At more senior levels, however, Davis Polk is evolving. Under managing partner Tom Reid, the firm is increasingly focused on the bottom line. It’s adding lateral partner talent, which it historically hasn’t done very often, and it’s asking more from its existing partners in terms of business development (and subjecting some less productive partners to, shall we say, heightened scrutiny). It’s offering buyouts — rather generous ones, it should be noted — to reduce the ranks of support staff (and the associated expenses).
The old Davis Polk, prioritizing prettiness and peacefulness over profits, might have quickly and quietly settled a lawsuit with a recruiter, without regard to the legal merits, just to avoid the ugliness. The new Davis Polk, in contrast, won’t go down without a fight….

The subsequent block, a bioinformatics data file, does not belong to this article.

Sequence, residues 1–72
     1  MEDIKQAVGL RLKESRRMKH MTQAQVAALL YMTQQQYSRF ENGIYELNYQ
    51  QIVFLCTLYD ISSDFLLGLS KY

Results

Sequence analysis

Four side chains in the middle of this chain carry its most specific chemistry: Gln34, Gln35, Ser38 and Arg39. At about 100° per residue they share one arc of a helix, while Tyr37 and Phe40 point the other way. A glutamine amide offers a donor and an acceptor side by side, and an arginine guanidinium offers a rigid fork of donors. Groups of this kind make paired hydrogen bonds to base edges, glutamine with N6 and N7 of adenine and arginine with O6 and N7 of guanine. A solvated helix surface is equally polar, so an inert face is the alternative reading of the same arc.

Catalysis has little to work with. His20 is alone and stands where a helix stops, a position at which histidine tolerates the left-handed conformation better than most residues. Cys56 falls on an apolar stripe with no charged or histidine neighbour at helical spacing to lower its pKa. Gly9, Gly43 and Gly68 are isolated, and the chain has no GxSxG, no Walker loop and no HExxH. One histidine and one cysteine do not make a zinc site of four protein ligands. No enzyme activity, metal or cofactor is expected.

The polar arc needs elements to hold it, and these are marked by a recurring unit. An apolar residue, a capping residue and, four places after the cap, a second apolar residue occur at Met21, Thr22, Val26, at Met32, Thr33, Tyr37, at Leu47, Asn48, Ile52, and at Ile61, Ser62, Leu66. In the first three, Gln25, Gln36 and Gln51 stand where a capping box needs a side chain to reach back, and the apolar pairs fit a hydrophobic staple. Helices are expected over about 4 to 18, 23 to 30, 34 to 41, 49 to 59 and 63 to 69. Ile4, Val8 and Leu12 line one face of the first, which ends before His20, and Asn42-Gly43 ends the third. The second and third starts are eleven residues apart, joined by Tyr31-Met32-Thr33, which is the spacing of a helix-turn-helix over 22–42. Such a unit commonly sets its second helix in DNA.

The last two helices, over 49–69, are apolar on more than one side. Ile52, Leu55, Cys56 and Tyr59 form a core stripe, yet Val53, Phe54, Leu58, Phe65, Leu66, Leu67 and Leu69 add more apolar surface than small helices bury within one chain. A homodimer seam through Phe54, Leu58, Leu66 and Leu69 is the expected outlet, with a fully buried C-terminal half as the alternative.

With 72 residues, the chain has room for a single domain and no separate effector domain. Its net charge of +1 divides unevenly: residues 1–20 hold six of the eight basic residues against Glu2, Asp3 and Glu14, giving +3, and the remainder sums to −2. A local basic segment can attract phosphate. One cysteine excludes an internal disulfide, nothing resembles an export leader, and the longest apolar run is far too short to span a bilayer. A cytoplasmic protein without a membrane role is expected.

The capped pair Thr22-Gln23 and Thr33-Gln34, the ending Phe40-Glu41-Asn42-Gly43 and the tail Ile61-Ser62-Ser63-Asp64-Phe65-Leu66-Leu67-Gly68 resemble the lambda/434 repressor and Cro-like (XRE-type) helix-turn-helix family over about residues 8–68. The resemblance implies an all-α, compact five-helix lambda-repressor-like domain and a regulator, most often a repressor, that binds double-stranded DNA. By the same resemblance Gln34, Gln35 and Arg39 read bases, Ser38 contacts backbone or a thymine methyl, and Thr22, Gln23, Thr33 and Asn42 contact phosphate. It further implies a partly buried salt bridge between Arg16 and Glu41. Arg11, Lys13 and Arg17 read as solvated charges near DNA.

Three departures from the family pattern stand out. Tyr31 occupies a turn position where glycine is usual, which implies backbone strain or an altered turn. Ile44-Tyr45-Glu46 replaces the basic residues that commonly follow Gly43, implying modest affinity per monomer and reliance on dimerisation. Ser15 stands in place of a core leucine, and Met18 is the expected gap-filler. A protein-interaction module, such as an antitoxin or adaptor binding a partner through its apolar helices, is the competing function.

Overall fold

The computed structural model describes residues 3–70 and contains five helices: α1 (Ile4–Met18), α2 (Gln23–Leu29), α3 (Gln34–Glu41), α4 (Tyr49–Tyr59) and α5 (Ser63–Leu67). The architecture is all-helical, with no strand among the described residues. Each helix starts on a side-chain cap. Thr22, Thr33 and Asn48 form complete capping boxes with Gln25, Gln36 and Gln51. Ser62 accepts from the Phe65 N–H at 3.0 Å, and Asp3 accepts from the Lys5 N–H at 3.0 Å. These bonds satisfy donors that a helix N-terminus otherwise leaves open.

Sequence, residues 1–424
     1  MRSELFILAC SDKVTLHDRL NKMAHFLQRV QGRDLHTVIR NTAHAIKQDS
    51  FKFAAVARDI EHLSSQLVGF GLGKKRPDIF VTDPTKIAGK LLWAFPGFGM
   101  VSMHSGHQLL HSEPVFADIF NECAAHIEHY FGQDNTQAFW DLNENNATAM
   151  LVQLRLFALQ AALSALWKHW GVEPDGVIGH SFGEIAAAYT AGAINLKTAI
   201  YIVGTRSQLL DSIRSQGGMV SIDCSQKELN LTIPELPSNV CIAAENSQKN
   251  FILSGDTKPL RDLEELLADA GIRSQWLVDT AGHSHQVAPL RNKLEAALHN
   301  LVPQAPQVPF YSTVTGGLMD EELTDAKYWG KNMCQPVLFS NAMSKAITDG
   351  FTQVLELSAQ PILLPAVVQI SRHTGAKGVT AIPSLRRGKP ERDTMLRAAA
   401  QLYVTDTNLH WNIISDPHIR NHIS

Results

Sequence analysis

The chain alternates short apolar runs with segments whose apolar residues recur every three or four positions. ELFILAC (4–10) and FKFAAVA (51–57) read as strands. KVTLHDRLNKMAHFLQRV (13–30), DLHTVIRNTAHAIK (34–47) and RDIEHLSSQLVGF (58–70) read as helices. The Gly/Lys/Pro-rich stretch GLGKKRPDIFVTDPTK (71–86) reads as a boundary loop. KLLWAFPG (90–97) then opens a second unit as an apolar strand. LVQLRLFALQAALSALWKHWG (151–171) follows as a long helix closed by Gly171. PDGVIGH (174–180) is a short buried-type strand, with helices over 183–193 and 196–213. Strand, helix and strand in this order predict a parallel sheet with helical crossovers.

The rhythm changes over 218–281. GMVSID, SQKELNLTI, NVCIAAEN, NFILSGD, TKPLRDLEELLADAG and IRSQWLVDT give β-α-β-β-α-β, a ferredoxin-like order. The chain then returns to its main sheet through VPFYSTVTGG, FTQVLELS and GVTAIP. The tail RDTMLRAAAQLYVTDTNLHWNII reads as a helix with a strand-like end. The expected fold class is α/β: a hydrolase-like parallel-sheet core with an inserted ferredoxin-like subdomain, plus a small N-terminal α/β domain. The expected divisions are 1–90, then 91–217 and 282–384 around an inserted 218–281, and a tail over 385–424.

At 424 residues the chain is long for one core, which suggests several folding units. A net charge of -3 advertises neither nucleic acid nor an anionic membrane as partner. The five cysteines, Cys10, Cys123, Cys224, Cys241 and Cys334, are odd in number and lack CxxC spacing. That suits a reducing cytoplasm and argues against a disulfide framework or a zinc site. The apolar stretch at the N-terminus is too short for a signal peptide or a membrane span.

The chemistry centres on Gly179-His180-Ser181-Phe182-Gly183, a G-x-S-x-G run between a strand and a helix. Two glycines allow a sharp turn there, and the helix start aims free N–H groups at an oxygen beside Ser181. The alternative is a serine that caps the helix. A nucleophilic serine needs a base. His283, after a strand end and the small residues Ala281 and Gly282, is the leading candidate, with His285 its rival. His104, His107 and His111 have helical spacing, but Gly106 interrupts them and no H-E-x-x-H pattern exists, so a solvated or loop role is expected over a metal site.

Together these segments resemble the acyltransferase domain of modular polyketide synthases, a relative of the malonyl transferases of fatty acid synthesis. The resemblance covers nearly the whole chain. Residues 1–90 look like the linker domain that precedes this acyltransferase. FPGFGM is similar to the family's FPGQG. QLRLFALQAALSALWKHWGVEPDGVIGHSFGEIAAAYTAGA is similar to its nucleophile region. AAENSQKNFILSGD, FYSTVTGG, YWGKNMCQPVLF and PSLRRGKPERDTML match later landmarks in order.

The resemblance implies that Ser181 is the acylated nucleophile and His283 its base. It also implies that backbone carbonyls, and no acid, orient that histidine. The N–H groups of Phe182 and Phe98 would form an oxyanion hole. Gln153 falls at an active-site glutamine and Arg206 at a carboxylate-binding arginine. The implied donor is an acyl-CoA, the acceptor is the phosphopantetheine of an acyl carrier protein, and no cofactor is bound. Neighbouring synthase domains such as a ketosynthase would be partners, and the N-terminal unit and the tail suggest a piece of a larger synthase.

On the “Our Professionals” section of its website, Finnegan Henderson boasts that it has “375 lawyers focused on IP.” It may be time to revise that downward: “371 lawyers focused on IP.”
Last night, the high-powered, intellectual-property-focused firm announced four notable partner departures. The Finnegan partners in question practice in the generally hot area of IP litigation (although we’ve heard anecdotal reports of cooling, including stealth layoffs of IP litigators — see here and here).
Who are the departing Finnegan partners, and where are they going?
What’s the difference between an ATL commenter and an ATL correspondent?
A commenter writes, “Screw you, Herrmann, and the horse you rode in on. And your wife, and your kids. And your grandma. And your cat.”
A correspondent writes a long, thoughtful email, like the one I received from a reader in Rochester, New York, who read my column, “On Tweedledee And Tweedledum, Esq.,” and accused me overvaluing good writing: